Legal translation plays an important role in day-to-day operations of any going concern with a foreign ownership interest. When one has a successful business, the owner often wants to transfer ownership to a relative or relatives. However, without careful tax planning, the relatives inheriting the business quickly find themselves having to sell the business in order to pay estate taxes. This unfortunate situation can easily be avoided with careful planning – particularly if the business is foreign-based.
One common way to transfer a business is by transferring stock. This can be done by bequeathing the stock via the owner’s will, which avoids income taxes, but not estate taxes (which can reach 55 percent). Another method is to transfer company’s stock as a tax free gift – although the recipient will face significant taxes when they opt to sell the stock. Still another option is selling company’s stock to the next generation with the buyer purchasing it with after-tax dollars and thus recognizing a taxable gain upon sale. And, finally, there is the possibility of redemption, where the next generation already owns the business and the corporation is able to redeem the controlling owner’s stock.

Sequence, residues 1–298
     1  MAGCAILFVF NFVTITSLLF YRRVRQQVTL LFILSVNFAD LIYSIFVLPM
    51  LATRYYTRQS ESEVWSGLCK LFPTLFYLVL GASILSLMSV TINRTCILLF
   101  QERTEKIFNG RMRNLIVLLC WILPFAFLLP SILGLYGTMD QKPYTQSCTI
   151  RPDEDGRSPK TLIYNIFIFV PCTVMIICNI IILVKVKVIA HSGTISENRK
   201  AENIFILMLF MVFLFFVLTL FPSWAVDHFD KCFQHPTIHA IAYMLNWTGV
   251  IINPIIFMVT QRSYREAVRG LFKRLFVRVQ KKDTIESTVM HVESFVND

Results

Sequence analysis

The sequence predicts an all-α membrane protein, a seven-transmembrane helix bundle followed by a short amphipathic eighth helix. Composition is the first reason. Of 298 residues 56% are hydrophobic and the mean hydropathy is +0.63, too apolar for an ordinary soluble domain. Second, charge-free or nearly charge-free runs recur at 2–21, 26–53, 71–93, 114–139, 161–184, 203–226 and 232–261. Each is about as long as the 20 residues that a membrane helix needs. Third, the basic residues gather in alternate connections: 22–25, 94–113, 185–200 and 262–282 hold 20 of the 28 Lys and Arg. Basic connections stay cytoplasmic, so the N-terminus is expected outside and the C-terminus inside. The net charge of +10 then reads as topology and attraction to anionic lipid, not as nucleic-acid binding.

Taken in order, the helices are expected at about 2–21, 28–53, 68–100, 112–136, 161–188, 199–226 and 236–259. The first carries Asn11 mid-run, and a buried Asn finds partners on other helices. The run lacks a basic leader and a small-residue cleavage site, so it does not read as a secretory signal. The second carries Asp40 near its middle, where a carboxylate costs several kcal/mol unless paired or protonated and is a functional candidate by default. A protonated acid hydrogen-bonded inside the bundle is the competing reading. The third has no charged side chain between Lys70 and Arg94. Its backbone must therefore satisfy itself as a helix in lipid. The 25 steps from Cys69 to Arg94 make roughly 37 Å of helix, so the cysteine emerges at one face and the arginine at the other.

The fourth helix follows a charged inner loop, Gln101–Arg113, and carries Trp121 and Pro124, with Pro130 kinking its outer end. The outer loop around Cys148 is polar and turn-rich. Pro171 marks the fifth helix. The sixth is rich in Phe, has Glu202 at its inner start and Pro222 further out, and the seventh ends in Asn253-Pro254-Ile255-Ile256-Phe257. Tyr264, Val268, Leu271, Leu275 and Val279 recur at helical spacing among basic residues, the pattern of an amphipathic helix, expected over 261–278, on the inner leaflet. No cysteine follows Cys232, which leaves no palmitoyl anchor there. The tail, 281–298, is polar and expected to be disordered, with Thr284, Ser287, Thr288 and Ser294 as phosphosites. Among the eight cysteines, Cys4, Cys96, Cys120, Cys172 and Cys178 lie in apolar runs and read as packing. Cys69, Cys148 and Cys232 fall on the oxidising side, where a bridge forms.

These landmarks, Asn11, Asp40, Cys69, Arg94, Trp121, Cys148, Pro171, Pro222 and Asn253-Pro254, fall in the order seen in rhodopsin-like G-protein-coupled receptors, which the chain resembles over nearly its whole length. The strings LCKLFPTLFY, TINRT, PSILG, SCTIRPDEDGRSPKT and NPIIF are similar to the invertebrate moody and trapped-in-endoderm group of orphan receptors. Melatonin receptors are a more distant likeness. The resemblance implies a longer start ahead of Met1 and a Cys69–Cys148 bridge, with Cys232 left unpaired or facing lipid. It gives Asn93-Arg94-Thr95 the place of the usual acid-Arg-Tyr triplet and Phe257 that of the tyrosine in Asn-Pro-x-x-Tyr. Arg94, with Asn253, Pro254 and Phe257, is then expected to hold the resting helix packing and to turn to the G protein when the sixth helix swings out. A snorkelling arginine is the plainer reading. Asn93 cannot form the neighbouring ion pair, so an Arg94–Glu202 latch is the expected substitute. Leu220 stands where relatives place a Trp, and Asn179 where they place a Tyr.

When the company is foreign-based, similar considerations applies. When a transfer agreement is carried out, all the documents should contain a foreign language translation. This pertains to foreign-branch companies, to foreign subsidiaries of a U.S. company, and to foreign corporations.
Up Next: Legal Interpreting Services
and Lack of English Proficiency in Jurors: The State Interest